5. I thought one-knob faucets were a revelation when I first encountered one. Imagine: now I didn’t have to guess how far I’d turned each knob, or how much cold vs. hot I’d need to make exactly the temperature I wanted. Taking a shower was as easy as (ta-da!) spatial memory: I thrust the knob in the direction I preferred with as much force as the amount of water I wanted. I have to assume there’s some usability lore about how these just SUCK but this particular user prefers them unconditionally. See response 1 in which usability wisdom is also refuted by (at least one person’s) empirical experience.

6. I’m all for spatial organization. Just remember that just as 1000 items in a folder is not “organized,” neither are 1000 folders on a desktop. We lay out the most important folders on our desks and the rest go into filing cabinets, sorted by some declarative method…because we aren’t using those folders every day and can’t develop the muscle memory to find them a year later. When we’re dealing with the volume of data we ask our computers to help us with, we need both methods to find things.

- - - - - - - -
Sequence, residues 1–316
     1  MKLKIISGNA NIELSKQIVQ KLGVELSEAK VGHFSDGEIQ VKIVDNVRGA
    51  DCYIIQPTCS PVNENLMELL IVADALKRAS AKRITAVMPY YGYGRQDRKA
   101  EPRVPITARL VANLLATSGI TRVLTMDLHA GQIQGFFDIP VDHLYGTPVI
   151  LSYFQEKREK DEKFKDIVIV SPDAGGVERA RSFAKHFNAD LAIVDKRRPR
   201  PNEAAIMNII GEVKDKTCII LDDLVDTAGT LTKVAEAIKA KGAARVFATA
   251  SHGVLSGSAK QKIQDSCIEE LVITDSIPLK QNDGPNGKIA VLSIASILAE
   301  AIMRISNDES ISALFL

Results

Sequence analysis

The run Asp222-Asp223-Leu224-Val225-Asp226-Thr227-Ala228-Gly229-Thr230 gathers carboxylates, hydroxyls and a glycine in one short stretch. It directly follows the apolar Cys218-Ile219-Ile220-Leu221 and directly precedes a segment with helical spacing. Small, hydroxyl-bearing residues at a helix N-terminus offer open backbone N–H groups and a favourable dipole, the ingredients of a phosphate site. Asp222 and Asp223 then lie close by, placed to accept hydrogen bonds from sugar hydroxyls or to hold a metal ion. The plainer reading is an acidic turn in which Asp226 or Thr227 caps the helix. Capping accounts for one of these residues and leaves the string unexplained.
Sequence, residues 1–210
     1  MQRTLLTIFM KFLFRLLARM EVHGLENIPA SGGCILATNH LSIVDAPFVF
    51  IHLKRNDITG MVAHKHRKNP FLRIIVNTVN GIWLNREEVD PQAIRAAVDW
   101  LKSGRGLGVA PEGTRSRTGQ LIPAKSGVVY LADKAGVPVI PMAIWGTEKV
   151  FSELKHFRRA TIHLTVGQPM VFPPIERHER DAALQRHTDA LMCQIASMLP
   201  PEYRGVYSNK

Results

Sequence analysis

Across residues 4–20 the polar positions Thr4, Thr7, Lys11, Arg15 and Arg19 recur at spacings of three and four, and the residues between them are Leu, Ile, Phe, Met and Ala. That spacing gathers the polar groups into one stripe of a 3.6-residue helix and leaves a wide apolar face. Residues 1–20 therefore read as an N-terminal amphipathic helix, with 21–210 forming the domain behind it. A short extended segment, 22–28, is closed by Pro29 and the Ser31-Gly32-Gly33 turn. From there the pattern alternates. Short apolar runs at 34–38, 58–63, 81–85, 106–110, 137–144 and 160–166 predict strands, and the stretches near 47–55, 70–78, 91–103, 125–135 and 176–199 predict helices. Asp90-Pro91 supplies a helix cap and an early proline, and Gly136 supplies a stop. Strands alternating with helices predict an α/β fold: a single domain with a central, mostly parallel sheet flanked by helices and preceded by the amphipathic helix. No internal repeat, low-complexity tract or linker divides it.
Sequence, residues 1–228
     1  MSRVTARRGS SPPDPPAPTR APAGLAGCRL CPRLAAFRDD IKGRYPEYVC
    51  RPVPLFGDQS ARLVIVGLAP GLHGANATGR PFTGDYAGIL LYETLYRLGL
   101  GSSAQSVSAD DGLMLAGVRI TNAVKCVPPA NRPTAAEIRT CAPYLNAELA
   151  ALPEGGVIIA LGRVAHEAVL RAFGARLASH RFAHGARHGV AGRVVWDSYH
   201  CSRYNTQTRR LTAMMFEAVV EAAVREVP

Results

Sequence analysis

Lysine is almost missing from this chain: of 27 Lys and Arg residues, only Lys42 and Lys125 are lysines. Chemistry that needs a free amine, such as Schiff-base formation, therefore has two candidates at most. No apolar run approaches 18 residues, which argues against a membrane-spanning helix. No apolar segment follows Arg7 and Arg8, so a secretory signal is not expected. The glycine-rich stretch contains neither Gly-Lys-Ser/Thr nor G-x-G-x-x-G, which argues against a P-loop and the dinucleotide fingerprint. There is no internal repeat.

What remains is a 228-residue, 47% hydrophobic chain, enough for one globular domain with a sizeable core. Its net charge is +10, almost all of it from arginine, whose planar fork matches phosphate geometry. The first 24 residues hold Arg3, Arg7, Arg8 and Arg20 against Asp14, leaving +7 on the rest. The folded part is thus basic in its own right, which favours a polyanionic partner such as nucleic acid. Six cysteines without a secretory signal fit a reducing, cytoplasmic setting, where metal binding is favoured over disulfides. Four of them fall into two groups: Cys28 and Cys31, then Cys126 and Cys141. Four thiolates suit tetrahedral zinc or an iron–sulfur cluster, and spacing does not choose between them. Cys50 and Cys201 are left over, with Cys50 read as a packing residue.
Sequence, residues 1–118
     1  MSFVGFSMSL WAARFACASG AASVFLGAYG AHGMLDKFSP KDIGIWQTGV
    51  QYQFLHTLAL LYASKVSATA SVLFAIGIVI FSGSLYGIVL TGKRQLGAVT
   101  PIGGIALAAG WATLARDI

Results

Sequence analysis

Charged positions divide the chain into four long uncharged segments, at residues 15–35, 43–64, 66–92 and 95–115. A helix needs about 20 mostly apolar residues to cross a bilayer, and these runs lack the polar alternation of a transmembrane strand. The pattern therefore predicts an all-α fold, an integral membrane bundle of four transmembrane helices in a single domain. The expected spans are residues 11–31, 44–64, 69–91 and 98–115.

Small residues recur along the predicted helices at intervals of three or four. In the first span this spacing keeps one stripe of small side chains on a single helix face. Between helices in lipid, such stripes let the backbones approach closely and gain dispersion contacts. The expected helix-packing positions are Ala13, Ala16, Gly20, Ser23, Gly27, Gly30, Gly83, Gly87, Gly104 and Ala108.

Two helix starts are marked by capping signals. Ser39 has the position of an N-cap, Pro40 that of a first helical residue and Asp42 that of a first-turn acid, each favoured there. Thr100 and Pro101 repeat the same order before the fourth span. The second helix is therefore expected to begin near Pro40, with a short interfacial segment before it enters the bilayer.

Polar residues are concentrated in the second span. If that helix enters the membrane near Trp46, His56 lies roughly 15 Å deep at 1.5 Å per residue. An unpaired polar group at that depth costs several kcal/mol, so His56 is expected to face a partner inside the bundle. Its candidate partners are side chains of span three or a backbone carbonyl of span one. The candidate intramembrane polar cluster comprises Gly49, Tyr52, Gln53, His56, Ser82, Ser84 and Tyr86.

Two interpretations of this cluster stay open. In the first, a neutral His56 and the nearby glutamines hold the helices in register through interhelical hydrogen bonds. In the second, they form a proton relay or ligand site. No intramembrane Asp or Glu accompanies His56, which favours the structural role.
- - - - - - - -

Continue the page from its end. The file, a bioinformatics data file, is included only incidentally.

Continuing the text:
7. “User-centered design” is one of those phrases like “government of, by, and for the people”…only obvious in hindsight, and even then given a lot of lip service.

8. How about C. ::telepathic command::? I mean, if it’s a snap to do voice recognition and natural language processing AND it’s a great idea to perform a visual task using verbal commands, why not go all the way and demand psychic computers? It must be all the lazy engineers and dullard UI designers holding this innovation back with their grunts and flint knives.

And yeah: I still like one-knob faucets.

uurf wrote:

Did you actually read this post? I know it was slashdotted and all, but the comments on the post itself pretty well debunk his assertions. Rather than repeat them here, I’d suggest there’s a good reason why the author is anonymous, since these posts smack of someone new to their undergraduate coursework (”Fitts Law rules all!” “Radial Menus are clearly superior!”) mixed with the generally uninformed (seriously, “Alfred Einstein”?), and not worth revisiting.